Supreme Court Justice Ruth Bader Ginsburg, who passed away last Friday with the coming of the Jewish New Year, was truly tireless. She worked hard and endlessly in pursuit of justice, until her very last moments.
The loss of Ginsburg is so incalculable and staggering, it’s easy to be paralyzed in its face. At a time of great uncertainty, so many of us pinned our hopes and dreams partly on her, on her ability to hold onto health and life as we try to restore some kind of order to this country. For so long, so many of us drew hope and inspiration from this feminist, Jewish trailblazer. And now, she is gone.
In her office, Ginsburg displayed framed artwork with the famous Deuteronomy line, “Justice, justice, shall you pursue.” And while, in her death, being swept away by a tide of helplessness is understandable, we must also remember the famous line from Pirkei Avot, which states, “You are not obligated to complete the work, but neither are you free to desist from it (2:21).”
And right now, we need to keep on working to preserve and advance the values that RBG fought for. Of course, we should all take time to grieve. But if we truly follow in the example set by this woman, who truly didn’t stop working towards that goal of tzedek — justice — until her last days, we must act.
Here are some ways to honor her memory and legacy with actions:
1. Say the Mourner’s Kaddish:
The traditional Jewish prayer of mourning is a deeply meaningful way to lament the death of a great Jewish tzadeket (that’s a female person of great righteousness). Traditionally, the Kaddish is recited by the immediate family, and only after the person has been buried. But RBG was hardly one to stand on tradition. In fact, Ginsburg said that a 1916 letter from Hadassah founder Henrietta Szold, in which she declined an offer from a man to say the prayer for her mother — saying she would do so instead — influenced her deeply.
Watch this short video, below, of Rabbi Sari Laufer reading Kaddish and honoring the amazing RBG. You and join along with her:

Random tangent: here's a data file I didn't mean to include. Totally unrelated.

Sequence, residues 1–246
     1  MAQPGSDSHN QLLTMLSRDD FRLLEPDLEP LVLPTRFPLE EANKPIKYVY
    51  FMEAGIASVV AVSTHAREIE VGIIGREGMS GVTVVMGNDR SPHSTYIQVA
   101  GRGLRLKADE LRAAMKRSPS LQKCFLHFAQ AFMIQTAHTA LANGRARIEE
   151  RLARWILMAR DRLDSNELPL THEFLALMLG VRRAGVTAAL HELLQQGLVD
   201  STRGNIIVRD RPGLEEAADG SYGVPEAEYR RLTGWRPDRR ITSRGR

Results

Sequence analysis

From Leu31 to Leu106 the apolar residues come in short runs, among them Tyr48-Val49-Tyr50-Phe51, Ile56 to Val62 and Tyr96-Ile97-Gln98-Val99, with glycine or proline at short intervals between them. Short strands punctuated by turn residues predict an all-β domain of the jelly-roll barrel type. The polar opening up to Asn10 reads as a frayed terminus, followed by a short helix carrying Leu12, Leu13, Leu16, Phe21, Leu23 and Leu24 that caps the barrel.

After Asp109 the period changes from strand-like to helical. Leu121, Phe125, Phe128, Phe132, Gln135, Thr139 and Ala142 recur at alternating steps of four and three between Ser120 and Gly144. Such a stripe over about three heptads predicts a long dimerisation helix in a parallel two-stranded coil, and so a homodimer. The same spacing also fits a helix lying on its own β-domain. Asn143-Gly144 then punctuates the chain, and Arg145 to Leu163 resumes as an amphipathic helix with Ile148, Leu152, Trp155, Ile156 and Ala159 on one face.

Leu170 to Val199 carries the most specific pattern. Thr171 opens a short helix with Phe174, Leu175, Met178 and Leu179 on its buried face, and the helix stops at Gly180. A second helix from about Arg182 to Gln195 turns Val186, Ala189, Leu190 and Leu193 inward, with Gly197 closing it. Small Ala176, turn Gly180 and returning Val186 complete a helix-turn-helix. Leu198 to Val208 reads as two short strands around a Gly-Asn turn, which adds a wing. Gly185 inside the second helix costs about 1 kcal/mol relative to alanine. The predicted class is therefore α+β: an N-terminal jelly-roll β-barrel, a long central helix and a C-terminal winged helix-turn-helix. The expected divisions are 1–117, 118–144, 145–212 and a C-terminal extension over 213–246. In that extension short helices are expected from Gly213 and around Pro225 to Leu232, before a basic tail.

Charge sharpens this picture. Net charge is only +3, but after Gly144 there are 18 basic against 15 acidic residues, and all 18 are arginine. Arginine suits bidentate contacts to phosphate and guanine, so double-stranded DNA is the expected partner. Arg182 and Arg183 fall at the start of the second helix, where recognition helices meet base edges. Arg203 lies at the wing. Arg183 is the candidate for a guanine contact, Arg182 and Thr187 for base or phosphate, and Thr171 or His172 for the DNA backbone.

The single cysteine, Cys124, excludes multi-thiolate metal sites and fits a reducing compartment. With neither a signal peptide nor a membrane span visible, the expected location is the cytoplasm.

2. Teach her legacy to your children:
L’dor v’dor — Judaism is all about making connections from generation to generation, and passing on Ruth Bader Ginsburg’s legacy means teaching it to your children.
First of all, if you’re grieving right now, it’s a good chance to have a frank conversation about what RBG meant to you with your kids (in age-appropriate terms, of course). Telling our kids what we care about — even when we’re sad — is perhaps the most poignant way to share our values.
Of course, another great place to start is with books. I highly recommend I Dissent: Ruth Bader Ginsburg Makes Her Mark by Debbie Levy, and Levy’s lovely graphic novel about the justice, Becoming RBG. Another great option for young kids is Ruth Bader Ginsburg: The Case of R.B.G. vs. Inequality.
For toddlers, there are adorable board books featuring the Justice, like A Is for Awesome!: 23 Iconic Women Who Changed the World and I Look Up To… Ruth Bader Ginsburg.
For middle-grade readers and young adults, there’s Notorious RBG Young Readers’ Edition: The Life and Times of Ruth Bader Ginsburg and Dissenter on the Bench: Ruth Bader Ginsburg’s Life and Work.
You can watch movies about her with your kids, like Julie Cohen and Betsey West’s great 2018 documentary, RBG, streaming on Hulu.
But the most important thing we can do is to show our children her legacy with our actions.
3. Study her legacy yourself:
This is a good chance to read up on RBG, both for inspiration and to give you the drive to go on. Ginsburg was truly, incredibly hardworking and fierce — and reading about her life and her convictions can help sustain and move us forward in this difficult time. And RBG herself believed reading was powerful and important in making dreams come true — so reading seems to be the perfect way to honor her.
"Reading is the key that opens doors to many good things in life. Reading shaped my dreams, and more reading helped me make my dreams come true."
RBG said many important things. This is one I have in my kitchen. Rest in peace & power, Justice. May her memory be for a blessing. pic.twitter.com/MWHeLuwmPB
— Linda -tried/failed to take a break- Epstein (@LindaEpstein) September 19, 2020
You can start with books like Ruth Bader Ginsburg: A Life (read our interview with Ruth’s biographer); My Own Words, written by the Justice herself; Conversations with RBG: Ruth Bader Ginsburg on Life, Love, Liberty, and Law; and of course, Notorious RBG.
4. Fight for her dying wish to be respected: